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Title: Development and Validation of a Kinetic Model for NO* Metabolism in Pseudomonas aeruginosa
Authors: Ren, Anna
Advisors: Brynildsen, Mark P.
Department: Chemical and Biological Engineering
Class Year: 2014
Abstract: Antibiotic resistance is becoming a bigger problem everyday as bacteria develop resistance to our existing drugs faster than we can find new ones. As such, it is important that we develop not only new chemicals for treating diseases, but new methods. Reactive nitrogen species (RNS) are an important part of the body's immune response to pathogens. They target several essential mechanisms in pathogens, making them a potentially powerful weapon for fighting disease. However, before RNS and in particular, nitric oxide (NO), can be effectively used in drug therapies, we must better understand how it is metabolized by pathogens. To reach this end, we have developed a kinetic model to predict how doses of nitric oxide will be funneled through the pathogen Pseudomonas aeruginosa during metabolism. This allowed us to see which reactions played the largest parts in the metabolism of NO, and these reactions may become future targets of drugs to enhance the bacteria's susceptibility to NO. The model was built off of a previously developed platform for kinetic modeling of NO metabolism for E. coli. The P. aeruginosa model thus also serves to demonstrate how such a platform can be easily extended to different organisms and can be a valuable tool for drug discovery in many organisms. The model was updated from the original platform through a mixture of literature search for reactions and kinetic parameters and training on experimental data. The model was found to fit the wild-type P. aeruginosa very well, but there were some discrepancies when using it to predict the NO metabolism in the Δfhp mutant strain. The mutant was used as an experimental validation measure for the model, so while the discrepancies seem like they may have arisen from the experimental data rather than inaccuracy on the model's part, further testing must be done before analysis from the model can be trusted.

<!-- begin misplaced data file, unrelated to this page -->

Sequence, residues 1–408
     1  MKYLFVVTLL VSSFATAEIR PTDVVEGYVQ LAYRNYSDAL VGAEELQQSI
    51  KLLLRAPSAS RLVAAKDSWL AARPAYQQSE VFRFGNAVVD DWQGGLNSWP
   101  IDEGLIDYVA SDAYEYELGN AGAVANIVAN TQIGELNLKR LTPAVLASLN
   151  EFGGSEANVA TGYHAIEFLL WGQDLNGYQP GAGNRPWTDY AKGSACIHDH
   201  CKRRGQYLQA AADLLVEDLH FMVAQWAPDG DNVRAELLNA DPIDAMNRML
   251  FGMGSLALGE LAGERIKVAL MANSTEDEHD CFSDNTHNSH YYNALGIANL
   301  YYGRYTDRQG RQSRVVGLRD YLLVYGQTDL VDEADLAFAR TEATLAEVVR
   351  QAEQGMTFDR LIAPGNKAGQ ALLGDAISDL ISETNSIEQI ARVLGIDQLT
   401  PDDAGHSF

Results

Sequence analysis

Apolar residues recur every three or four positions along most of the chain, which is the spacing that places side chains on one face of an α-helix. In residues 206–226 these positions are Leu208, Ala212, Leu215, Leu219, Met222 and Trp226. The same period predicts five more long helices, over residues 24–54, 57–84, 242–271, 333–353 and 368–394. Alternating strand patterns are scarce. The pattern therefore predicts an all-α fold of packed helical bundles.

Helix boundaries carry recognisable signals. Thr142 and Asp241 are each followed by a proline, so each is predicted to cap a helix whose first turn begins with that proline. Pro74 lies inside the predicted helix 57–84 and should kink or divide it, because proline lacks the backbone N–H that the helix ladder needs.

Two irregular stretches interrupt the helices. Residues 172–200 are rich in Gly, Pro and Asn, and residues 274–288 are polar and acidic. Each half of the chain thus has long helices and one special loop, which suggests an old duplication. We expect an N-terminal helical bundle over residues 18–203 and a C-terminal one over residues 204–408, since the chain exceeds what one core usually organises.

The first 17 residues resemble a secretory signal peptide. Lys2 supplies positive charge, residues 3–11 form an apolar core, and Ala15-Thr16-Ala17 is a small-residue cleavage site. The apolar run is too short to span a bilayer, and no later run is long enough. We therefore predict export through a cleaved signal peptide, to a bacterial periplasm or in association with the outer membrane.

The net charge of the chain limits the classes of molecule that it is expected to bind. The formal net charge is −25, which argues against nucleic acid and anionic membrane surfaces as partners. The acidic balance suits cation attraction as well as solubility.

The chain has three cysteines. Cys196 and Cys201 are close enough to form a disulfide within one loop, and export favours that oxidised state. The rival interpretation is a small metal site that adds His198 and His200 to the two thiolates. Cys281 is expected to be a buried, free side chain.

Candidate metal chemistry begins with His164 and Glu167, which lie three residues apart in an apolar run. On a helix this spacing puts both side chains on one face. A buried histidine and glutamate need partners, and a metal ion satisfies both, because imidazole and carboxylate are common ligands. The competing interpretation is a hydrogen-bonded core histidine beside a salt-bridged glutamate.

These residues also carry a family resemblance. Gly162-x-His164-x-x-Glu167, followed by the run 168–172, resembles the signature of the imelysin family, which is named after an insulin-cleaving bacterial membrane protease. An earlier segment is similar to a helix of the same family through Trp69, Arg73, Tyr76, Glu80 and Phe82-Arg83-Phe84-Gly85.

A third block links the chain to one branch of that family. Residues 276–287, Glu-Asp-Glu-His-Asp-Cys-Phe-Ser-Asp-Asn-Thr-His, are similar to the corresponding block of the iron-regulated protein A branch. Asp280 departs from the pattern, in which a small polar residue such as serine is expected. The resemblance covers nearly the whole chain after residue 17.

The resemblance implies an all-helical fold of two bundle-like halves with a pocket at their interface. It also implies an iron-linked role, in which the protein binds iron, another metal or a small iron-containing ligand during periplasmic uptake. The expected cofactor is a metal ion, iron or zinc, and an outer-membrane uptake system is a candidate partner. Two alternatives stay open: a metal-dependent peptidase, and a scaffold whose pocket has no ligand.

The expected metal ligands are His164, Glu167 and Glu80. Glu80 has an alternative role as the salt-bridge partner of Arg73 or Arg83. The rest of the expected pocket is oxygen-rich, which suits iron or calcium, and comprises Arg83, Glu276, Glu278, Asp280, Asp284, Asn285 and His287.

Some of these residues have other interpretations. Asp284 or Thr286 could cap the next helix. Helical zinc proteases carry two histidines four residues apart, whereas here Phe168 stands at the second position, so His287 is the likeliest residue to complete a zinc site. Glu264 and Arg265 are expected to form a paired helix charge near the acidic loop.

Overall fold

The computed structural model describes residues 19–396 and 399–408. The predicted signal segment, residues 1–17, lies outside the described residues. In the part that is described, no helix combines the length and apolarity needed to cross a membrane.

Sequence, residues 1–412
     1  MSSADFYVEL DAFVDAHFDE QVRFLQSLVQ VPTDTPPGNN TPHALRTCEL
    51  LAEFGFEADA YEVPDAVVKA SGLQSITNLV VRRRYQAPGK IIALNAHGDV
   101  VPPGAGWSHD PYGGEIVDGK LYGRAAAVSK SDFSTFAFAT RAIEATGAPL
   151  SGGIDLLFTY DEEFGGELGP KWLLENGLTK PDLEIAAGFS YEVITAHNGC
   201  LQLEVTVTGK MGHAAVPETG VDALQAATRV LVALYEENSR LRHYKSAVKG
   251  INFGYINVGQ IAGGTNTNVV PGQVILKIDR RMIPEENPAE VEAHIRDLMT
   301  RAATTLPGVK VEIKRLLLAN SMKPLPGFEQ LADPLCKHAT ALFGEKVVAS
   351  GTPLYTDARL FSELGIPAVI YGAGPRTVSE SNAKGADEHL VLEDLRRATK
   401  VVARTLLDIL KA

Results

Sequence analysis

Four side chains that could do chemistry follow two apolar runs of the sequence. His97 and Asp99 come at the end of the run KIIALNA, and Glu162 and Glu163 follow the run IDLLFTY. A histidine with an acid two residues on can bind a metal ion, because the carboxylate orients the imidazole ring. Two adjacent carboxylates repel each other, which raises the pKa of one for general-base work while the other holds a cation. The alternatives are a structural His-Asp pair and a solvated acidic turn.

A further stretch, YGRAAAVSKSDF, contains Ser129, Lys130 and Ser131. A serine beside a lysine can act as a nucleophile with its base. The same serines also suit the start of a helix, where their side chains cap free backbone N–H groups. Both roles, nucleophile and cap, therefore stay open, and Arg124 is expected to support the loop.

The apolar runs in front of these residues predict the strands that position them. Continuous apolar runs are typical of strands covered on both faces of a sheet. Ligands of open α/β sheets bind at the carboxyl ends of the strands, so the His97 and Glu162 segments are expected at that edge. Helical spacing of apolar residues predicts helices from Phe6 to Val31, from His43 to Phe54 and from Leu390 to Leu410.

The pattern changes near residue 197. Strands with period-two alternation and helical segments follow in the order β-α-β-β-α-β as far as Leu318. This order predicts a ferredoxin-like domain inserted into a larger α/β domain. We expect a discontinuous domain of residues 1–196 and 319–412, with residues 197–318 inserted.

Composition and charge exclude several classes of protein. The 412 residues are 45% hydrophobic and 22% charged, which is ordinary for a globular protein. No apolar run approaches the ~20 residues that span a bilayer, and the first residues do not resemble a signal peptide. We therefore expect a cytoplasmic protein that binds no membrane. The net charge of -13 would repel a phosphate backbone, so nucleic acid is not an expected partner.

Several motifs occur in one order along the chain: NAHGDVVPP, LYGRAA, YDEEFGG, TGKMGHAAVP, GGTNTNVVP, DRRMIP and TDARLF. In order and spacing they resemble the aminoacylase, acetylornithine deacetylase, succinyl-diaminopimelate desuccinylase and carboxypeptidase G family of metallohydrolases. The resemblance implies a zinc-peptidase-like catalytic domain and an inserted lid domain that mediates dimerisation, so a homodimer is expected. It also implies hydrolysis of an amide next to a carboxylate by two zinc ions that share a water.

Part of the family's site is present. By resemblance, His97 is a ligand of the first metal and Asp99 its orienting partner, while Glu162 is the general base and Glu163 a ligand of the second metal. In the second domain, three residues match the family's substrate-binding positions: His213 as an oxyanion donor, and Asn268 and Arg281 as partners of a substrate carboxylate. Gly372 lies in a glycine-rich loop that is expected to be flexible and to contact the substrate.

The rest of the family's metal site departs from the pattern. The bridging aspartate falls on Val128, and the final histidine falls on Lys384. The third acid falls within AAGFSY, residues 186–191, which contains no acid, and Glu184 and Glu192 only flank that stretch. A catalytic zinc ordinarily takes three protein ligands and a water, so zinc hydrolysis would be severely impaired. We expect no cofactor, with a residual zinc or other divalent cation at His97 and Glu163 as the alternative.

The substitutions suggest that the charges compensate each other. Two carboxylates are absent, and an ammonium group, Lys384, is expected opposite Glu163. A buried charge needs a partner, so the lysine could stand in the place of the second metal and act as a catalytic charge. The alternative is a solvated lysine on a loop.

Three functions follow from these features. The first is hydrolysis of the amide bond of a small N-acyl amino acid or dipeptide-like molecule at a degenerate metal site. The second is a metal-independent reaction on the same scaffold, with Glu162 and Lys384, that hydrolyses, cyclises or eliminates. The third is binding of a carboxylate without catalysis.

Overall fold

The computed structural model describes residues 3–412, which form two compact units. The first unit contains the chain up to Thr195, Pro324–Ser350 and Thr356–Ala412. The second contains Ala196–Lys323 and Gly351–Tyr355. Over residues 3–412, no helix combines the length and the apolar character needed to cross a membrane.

Extent: 38 pages
Type of Material: Princeton University Senior Theses
Language: en_US
Appears in Collections:Chemical and Biological Engineering, 1931-2016

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